Various driving mechanisms may be envisioned. One such mechanism is shown in FIGS. 17-24. As can perhaps best be seen in the exploded view of FIG. 23, the mechanism includes two sets of three interconnected gears 400. Each of the two sets is capable of driving one of the two rods 24 of cartridge 12. The drive mechanism further includes an floating gear 402 which is mounted no a pivot arm 404 which is, in turn, mounted on a shaft 406 which is rotated by the motor. Thus, when the motor is rotated in a first direction, floating gear 402 is pivoted toward one of the two nearest gear and engages it to turn one of the two rods, while, when the motor is rotated in the opposite direction, floating gear 402 is pivoted toward the other of the two nearest gear and engages it to turn the other of the two rods.
To allow driving mechanism 40 to properly engage rods 24, the bottom portions of rods 24 preferably feature depressions into which complementary protrusions of driving mechanism 40 are inserted. Thus, for example, as shown in FIG. 5, the bottoms of rods 24 include hexagonal depressions 60 while driving mechanism 40 include complementary protrusions 62 which, when cartridge 12 is fully inserted into base unit 10, are engaged to allow driving mechanism 40 to effectively and accurately rotate one or the other of rods 24.
Base unit further includes an electronic unit 50, preferably in the form of a microcontroller, which includes a sound producing element, such as a suitable speaker and the like, whose purpose is to produce an audio message which corresponds to the portion of substrate 26 being displayed in window 22. Base unit preferably includes sound openings 52 to allow the sound produced by the sound producing element better to reach the user.
Base unit 10 preferably also includes a suitable power source, such as a satiable battery 70 to power driving mechanism 40 and the sound producing means. Power may also be supplied through other means, such as an electrical wire connected to a household electrical outlet. The term `power source` as used herein in the specification and claims is intended to include all the above and any other mechanisms for providing energy to the system.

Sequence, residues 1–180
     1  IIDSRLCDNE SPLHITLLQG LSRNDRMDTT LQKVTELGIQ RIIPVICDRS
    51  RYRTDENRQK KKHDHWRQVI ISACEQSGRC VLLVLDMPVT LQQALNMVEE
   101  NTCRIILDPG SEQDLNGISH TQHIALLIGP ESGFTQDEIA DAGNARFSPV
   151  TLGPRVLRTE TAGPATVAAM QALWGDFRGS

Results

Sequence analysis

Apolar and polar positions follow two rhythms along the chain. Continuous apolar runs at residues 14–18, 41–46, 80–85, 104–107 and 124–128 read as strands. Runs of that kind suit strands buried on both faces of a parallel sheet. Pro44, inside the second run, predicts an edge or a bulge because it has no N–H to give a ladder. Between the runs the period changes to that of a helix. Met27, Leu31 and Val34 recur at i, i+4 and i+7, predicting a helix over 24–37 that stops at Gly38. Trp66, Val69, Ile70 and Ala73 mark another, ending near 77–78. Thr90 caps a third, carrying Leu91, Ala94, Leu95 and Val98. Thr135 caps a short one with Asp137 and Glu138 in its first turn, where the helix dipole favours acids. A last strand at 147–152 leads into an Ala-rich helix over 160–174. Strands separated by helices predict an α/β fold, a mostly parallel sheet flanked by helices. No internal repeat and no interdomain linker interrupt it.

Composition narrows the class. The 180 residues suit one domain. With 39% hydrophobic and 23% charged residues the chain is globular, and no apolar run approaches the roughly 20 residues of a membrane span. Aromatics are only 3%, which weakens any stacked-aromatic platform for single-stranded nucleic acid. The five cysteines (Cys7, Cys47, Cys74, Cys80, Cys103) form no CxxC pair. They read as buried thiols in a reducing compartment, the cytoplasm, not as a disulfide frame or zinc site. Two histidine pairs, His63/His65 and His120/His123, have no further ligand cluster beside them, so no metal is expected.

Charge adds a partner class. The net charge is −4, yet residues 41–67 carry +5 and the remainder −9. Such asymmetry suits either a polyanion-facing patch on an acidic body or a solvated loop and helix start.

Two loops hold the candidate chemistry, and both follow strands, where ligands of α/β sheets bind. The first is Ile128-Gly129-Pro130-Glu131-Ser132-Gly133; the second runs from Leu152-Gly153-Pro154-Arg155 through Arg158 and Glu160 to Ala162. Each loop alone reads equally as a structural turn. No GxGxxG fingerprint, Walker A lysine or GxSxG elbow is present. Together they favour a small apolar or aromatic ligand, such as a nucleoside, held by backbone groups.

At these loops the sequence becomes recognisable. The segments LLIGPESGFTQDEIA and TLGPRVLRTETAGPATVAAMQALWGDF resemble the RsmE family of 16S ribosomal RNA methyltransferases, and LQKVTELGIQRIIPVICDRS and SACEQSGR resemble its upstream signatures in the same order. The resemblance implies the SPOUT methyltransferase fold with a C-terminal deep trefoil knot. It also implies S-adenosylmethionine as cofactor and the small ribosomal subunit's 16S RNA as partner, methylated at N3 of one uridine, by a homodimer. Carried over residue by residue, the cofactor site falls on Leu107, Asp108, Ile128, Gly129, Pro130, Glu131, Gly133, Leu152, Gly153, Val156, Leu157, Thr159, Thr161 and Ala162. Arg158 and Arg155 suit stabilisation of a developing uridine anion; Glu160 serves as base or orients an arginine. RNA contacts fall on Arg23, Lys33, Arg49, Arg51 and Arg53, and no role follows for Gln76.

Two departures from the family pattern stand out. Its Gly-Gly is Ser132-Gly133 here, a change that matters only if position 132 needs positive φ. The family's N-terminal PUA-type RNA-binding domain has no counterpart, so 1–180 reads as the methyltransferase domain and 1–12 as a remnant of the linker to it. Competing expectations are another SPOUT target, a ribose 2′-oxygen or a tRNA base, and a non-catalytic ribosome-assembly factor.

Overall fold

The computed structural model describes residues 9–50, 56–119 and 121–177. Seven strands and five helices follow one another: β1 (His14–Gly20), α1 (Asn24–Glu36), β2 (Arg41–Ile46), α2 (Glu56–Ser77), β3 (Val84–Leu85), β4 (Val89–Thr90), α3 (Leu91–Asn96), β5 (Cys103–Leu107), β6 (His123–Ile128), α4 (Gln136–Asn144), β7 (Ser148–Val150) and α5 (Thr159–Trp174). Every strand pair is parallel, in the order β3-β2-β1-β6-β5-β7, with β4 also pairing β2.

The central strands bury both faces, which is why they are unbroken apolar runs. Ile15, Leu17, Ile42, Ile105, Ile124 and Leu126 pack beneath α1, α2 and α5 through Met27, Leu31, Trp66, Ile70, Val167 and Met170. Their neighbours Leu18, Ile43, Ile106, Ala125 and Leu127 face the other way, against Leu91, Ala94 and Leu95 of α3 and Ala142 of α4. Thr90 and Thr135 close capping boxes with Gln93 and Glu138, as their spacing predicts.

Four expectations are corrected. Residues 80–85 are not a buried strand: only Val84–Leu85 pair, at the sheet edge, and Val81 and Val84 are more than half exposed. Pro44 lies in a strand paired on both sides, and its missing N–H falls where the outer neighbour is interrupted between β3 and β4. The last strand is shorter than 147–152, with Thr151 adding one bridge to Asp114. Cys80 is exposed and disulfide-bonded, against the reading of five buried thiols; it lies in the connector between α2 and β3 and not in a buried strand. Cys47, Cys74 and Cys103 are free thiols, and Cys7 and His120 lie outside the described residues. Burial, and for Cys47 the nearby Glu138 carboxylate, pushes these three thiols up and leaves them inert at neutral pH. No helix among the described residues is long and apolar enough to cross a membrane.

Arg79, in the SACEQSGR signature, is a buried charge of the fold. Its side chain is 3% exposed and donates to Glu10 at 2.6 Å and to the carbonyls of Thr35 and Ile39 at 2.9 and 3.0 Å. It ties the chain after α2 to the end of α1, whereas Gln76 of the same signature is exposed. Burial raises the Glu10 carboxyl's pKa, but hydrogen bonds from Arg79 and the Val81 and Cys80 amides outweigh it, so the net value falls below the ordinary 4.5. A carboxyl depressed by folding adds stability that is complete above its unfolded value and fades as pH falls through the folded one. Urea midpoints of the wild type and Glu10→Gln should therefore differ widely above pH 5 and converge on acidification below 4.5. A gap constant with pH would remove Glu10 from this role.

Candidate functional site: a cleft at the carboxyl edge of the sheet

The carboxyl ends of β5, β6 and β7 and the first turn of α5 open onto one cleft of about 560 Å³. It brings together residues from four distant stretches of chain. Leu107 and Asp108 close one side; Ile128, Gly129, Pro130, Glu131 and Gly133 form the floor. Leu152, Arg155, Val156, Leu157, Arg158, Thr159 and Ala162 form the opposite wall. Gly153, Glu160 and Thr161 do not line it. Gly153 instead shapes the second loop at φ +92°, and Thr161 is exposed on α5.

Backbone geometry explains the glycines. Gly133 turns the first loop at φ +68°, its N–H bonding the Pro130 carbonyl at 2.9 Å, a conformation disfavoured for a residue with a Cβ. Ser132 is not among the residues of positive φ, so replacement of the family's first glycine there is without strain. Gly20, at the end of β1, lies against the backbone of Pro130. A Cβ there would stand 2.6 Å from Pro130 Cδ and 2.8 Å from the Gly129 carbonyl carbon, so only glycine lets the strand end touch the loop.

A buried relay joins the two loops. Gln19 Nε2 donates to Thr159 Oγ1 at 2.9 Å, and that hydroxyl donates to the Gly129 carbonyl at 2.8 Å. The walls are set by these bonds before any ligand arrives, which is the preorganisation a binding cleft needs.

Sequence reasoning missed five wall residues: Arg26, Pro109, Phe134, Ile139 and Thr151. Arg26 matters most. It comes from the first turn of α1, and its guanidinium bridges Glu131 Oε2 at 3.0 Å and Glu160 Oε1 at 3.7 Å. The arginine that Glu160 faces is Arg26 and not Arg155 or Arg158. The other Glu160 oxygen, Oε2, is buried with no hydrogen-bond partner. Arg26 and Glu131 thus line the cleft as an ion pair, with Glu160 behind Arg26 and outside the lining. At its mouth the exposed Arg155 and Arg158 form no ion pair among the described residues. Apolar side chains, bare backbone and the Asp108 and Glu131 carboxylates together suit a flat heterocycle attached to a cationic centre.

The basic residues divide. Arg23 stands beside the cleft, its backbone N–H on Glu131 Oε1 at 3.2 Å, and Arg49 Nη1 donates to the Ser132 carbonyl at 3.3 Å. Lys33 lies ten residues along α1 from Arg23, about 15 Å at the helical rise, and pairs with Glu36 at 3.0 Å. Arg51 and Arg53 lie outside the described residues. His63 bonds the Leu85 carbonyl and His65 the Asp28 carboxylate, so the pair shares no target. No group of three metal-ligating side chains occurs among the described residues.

Base unit 10 may include a suitable memory which includes the audio information for a number of cartridges 12 so that when a particular cartridge 12 is inserted in base unit 10 the audio information for that cartridge 12 are played. The memory may be electronic or may be of a different type. For example, the back of substrate may include coded conductive ink which, when substrate 26 is moved, can be detected by a suitable reader.
Preferably, each cartridge 12 includes its own memory unit 90 (FIG. 4). Cartridge 12 includes a plug member 92 which, when cartridge is properly inserted into base unit 10, connects with electronic unit 50 of base unit 10. In this way, the sound producing means use the memory of the cartridge to identify the cartridge and produce the various sounds. In addition, suitable mechanism are provided to ensure that the sound producing mechanism will not be actuated in the absence of a properly inserted cartridge.